Thursday, January 12, 2012

Another reality

Like my esteemed colleague, I always wanted to be a veterinarian. I wrote an essay on the subject in first grade! I think my mom still has it, actually. Although I ended up as a companion animal doctor rather than a doctor for elephants and horses and rabbits as originally planned, I pretty much never deviated from the plan. I'm a person who makes a decision and sticks with it, pretty much. I've never been accused of waffling. Maybe I should run for president? Ha ha.

Anyhoo, I was lucky. I didn't accrue any debt during my undergraduate years, partly because of my parents' generosity and partly because I attended a cheap-ass school. I got a job before going to vet school, and unlike my esteemed colleague I kept it for the first two years of school before really NEEDING to quit (I was able to work overnights. I don't remember sleeping much really! And no, I was not using performance-enhancing drugs.) Still, I managed to accrue a sizable chunk of debt during vet school. But then - a kindly older relative found out, and paid it off for me. Who does that, right?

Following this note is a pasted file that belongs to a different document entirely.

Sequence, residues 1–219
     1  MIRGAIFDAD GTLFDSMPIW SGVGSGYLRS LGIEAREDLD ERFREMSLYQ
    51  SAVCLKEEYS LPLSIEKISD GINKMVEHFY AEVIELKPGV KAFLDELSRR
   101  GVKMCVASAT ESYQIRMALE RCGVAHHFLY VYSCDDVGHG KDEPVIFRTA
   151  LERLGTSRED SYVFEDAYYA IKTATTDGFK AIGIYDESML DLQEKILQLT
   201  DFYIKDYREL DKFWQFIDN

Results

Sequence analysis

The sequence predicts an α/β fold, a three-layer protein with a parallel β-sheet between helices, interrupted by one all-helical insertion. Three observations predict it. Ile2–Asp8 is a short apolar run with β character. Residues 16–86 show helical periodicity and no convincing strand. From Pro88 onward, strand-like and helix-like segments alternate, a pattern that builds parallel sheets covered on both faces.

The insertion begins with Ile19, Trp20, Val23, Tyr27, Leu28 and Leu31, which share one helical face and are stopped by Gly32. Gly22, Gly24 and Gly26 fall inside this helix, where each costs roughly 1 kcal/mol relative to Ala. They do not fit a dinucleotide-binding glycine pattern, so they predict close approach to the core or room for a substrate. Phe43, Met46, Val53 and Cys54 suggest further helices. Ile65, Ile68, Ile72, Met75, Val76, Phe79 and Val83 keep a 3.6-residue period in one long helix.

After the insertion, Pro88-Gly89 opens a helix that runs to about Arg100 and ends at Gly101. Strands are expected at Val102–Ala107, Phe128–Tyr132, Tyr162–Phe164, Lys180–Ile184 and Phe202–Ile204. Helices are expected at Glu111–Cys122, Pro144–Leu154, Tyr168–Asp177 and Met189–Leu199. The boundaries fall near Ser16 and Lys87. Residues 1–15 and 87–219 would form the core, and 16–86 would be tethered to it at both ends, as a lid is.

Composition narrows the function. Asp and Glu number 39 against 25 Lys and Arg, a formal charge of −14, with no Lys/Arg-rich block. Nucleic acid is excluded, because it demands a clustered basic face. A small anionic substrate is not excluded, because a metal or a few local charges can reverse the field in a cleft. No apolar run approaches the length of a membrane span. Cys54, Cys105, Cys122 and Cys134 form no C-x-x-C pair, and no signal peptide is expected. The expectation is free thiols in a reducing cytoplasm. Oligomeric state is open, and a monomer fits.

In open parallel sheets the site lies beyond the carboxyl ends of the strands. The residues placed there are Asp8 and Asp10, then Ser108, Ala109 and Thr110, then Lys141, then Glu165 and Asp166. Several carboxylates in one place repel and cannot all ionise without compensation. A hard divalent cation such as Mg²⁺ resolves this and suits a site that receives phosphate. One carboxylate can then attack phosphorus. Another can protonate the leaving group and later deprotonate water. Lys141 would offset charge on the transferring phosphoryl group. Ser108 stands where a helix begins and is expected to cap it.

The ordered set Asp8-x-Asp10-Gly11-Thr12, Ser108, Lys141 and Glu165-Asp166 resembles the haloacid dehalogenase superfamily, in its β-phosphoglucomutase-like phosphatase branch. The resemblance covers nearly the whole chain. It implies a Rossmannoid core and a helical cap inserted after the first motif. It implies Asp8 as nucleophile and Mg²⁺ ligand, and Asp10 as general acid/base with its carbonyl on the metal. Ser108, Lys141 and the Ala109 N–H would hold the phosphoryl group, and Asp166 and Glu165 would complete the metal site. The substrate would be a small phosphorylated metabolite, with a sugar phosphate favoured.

So, I don't have to worry about the debt. I love my profession: the animals, of course. The intellectual stimulation, the freedom to USE MY BRAIN and my clinical exam and decision-making skills - a lot of my physician friends complain that there are so many insurance-related constraints they feel like they are stuck doing cookbook medicine all the time. It's true that there's a downside or twenty, but, even with all the negative aspects I feel like veterinary medicine is a truly rewarding profession. It's just not financially rewarding, these days, especially if you start out with a crushing debt load. Intellectually and spiritually rewarding - yes. Absolutely. At least until the client with the Lexus and the 20-karat bling shows up with the $2500 designer mutt and declines every damn recommendation because it's too expensive.

I remember being shocked when some of the vets I talked to before vet school did NOT recommend the profession due to the lack of compensation. I thought we should be "above" that. I understand better now but I have to say I am just really glad I did it anyway. I wouldn't want to have to make my living at it, though.

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